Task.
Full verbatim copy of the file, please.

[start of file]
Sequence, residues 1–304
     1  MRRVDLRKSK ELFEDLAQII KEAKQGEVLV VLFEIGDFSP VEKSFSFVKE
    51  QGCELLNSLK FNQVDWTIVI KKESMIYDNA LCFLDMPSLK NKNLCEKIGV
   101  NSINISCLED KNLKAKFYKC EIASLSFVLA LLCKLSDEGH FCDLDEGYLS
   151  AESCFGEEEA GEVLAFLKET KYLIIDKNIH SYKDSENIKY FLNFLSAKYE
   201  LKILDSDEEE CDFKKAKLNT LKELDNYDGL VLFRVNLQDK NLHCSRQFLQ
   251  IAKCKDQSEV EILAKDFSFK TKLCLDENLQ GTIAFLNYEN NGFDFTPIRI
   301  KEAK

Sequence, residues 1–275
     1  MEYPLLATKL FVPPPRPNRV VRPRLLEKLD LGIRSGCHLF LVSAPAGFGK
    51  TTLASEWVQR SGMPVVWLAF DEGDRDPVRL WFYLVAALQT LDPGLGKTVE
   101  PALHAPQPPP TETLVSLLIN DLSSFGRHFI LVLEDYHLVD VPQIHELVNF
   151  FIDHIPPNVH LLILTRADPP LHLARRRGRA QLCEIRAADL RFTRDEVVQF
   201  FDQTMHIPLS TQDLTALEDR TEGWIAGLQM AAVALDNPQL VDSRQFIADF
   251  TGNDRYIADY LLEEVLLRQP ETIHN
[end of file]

Sequence, residues 1–304
     1  MRRVDLRKSK ELFEDLAQII KEAKQGEVLV VLFEIGDFSP VEKSFSFVKE
    51  QGCELLNSLK FNQVDWTIVI KKESMIYDNA LCFLDMPSLK NKNLCEKIGV
   101  NSINISCLED KNLKAKFYKC EIASLSFVLA LLCKLSDEGH FCDLDEGYLS
   151  AESCFGEEEA GEVLAFLKET KYLIIDKNIH SYKDSENIKY FLNFLSAKYE
   201  LKILDSDEEE CDFKKAKLNT LKELDNYDGL VLFRVNLQDK NLHCSRQFLQ
   251  IAKCKDQSEV EILAKDFSFK TKLCLDENLQ GTIAFLNYEN NGFDFTPIRI
   301  KEAK

Sequence, residues 1–275
     1  MEYPLLATKL FVPPPRPNRV VRPRLLEKLD LGIRSGCHLF LVSAPAGFGK
    51  TTLASEWVQR SGMPVVWLAF DEGDRDPVRL WFYLVAALQT LDPGLGKTVE
   101  PALHAPQPPP TETLVSLLIN DLSSFGRHFI LVLEDYHLVD VPQIHELVNF
   151  FIDHIPPNVH LLILTRADPP LHLARRRGRA QLCEIRAADL RFTRDEVVQF
   201  FDQTMHIPLS TQDLTALEDR TEGWIAGLQM AAVALDNPQL VDSRQFIADF
   251  TGNDRYIADY LLEEVLLRQP ETIHN